The phrase "Grace of God" is most often interpreted to mean God's unmerited favor, particularly in the New Testament. By the grace of God, humans are given the gift of salvation, not through any action on their own part.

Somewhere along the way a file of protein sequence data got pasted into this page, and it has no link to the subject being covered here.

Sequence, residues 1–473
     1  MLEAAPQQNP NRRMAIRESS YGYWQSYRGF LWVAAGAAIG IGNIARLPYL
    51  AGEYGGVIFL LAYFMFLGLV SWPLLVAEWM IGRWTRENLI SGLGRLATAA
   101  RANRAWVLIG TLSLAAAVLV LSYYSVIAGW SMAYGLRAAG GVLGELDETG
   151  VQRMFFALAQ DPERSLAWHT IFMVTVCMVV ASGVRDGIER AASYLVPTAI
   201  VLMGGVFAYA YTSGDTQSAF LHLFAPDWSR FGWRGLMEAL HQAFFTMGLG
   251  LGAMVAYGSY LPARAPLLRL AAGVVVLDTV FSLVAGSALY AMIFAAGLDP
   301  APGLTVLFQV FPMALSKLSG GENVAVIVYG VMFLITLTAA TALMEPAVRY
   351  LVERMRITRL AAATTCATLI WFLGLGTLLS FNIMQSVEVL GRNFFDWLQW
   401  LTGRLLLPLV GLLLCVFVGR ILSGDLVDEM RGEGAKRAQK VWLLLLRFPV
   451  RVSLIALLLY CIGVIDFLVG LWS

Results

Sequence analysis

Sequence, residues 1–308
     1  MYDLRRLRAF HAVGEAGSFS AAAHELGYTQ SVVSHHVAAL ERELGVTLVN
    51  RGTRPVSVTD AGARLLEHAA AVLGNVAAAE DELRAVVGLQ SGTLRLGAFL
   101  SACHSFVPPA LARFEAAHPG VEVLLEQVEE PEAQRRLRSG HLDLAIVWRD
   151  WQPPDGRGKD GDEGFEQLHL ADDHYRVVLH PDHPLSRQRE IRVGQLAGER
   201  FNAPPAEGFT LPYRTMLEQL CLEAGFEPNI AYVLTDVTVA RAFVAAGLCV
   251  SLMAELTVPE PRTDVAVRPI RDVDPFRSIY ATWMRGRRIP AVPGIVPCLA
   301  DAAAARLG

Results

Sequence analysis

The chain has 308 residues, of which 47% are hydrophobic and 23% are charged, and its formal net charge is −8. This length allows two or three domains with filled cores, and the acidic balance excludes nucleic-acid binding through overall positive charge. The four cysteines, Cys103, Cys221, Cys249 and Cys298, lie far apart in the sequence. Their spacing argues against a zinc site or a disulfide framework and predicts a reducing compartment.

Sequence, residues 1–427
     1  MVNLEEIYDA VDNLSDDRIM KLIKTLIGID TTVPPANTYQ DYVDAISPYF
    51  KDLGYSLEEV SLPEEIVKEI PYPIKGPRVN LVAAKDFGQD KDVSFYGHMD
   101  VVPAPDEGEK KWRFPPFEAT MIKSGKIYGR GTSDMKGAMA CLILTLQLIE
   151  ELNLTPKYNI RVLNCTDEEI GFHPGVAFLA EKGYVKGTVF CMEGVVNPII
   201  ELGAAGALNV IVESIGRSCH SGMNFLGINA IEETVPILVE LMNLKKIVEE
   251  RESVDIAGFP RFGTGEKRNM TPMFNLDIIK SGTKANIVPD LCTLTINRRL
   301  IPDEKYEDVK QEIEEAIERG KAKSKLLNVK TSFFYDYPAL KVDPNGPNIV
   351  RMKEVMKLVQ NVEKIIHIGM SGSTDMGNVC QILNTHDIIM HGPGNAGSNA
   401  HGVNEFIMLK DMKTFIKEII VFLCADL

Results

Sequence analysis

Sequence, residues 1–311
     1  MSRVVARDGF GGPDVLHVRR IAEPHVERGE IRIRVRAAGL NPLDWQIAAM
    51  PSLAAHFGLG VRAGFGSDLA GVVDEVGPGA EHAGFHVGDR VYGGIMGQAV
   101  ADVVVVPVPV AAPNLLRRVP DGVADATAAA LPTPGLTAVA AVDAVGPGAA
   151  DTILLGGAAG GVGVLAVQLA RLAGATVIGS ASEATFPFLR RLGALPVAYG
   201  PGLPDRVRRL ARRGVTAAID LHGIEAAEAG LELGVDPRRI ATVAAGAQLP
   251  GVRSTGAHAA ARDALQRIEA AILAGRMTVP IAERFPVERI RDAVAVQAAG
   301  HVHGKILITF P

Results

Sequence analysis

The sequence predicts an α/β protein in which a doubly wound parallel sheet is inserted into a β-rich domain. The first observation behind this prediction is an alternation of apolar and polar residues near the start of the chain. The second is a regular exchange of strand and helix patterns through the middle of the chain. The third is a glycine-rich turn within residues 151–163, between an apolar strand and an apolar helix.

The word most commonly translated as "grace" in the New Testament is the Greek word "charis," which can have several meanings, including "favor" or "good will." New Testament writers, St. Paul in particular, believed that man could not earn salvation through his own actions, "For all have sinned, and come short of the glory of God." However, despite man's inherent sinfulness, he is redeemed by God's grace and given the gift of eternal life. The phrase "there but for the grace of God" is sometimes used without any literal religious connotations to make the point that misfortune can occur to anyone, and that those who have avoided a particular downfall should be grateful and contrite.